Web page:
The HD versions naturally look sharper than the Wii game, though the extra detail and visual polish - boom-shaka-lacquer, if you will – can get a little distracting. With the frenetic pace rarely letting up, there's the odd occasion where the ball can get lost in the melee, particularly when four players are in close proximity. It's nowhere near as bad as in Tecmo's execrable NBA Unrivalled, but it happens enough to warrant a mention. Despite fuzzier graphics, it's a problem that seems to occur less frequently on Wii.
Meanwhile, original announcer Tim Kitzrow returns to the commentary box for an irreverent and often amusing take on events. That said, repetition does crop up a little sooner than you might have anticipated. "Like my wife's top drawer – nothing but nylon!" is funny the first time, less so when you've heard it for the fifth or sixth time in half an hour. Otherwise there's a single tune that burbles away in the background during each game, and which will likely have grown irritating for most players by the third quarter of their first match.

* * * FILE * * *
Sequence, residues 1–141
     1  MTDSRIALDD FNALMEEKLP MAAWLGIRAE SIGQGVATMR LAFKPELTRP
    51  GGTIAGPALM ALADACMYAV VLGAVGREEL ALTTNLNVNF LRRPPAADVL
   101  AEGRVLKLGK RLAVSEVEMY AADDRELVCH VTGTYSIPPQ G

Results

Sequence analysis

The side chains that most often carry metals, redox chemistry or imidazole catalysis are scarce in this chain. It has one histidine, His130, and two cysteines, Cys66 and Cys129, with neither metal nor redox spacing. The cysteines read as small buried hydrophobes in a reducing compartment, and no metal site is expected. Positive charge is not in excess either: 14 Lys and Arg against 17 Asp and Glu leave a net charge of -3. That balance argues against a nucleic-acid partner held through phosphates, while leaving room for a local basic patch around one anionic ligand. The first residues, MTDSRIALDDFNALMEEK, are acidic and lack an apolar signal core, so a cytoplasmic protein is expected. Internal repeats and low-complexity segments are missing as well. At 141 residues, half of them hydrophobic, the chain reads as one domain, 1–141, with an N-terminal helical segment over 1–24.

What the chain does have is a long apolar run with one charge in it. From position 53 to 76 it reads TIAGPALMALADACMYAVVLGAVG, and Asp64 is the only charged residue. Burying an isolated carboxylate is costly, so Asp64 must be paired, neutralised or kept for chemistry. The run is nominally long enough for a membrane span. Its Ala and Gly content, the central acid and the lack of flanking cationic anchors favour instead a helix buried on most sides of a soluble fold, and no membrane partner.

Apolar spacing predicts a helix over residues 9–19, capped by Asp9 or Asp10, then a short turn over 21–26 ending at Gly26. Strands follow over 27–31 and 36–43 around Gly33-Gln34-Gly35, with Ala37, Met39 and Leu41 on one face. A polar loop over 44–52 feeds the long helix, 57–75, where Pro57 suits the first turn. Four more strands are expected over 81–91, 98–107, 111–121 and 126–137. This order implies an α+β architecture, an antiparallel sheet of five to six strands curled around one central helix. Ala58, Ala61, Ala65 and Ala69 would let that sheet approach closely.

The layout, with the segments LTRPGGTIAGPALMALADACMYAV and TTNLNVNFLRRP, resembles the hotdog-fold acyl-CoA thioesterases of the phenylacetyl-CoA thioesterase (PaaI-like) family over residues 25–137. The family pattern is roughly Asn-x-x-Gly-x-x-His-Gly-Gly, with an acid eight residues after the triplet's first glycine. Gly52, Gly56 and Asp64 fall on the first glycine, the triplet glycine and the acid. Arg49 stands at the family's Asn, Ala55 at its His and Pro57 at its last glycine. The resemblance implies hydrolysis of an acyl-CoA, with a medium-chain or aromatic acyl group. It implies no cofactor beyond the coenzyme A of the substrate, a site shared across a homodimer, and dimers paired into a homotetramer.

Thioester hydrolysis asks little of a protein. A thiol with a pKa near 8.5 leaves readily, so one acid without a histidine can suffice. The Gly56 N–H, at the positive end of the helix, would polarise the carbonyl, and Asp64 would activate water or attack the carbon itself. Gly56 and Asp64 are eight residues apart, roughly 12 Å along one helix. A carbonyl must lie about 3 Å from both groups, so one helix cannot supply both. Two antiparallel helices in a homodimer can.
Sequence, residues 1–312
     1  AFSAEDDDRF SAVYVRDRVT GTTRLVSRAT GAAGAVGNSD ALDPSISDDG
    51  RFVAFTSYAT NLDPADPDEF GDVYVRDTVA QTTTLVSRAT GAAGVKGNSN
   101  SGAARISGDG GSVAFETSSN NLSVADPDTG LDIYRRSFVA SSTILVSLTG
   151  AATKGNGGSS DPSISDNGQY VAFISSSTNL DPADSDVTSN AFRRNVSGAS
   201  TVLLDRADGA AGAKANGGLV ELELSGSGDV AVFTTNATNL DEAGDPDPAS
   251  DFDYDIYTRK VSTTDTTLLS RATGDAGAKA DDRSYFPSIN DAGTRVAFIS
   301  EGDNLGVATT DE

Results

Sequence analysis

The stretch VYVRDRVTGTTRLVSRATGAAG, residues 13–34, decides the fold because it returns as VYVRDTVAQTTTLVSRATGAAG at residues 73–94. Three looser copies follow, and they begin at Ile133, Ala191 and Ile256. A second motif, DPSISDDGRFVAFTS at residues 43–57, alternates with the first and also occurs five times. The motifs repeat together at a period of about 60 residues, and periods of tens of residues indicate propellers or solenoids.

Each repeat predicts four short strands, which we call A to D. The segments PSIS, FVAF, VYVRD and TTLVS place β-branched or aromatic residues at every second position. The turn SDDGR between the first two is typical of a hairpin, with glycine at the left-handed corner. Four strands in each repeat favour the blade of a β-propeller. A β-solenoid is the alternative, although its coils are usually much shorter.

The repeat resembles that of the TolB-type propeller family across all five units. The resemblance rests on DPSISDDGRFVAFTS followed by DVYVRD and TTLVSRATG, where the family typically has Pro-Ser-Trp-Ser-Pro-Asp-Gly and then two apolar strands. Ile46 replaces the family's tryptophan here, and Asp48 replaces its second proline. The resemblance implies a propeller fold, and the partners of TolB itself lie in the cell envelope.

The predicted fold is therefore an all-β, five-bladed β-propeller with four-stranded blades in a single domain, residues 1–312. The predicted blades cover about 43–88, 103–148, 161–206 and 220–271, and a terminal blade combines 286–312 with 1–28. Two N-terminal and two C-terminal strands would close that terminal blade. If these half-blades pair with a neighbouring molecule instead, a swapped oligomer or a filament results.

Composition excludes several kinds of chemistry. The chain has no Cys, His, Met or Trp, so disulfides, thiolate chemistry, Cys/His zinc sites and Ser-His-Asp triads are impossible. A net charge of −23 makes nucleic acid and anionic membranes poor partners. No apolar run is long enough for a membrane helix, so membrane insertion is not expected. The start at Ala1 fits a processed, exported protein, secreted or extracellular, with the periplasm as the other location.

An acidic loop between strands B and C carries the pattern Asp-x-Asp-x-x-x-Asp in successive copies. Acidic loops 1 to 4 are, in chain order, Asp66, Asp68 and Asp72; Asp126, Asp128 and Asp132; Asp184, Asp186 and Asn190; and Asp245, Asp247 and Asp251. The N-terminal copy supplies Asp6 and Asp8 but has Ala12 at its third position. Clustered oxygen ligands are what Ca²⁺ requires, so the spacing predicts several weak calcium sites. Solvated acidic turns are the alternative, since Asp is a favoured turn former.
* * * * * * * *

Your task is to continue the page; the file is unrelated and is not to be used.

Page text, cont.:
That's admittedly less of an issue if, like the original, most of your time with NBA Jam is spent in bite-sized play sessions. Yet it's evident that EA wants to command the player's attention a little longer, ladling on extra modes to – in theory – add longevity beyond repeat visits to the basic multiplayer game. However, they add little variety to the way the game plays, instead merely tweaking the structure.
The Classic Campaign offers 36 straight matches as you take your two-man team through six different regions, each containing five matches against regular sides and a final against a pair of basketball legends. The Remix Tour requires you to earn bronze, silver and gold trophies to unlock further divisions across the USA, with five different game modes that offer slightly different objectives.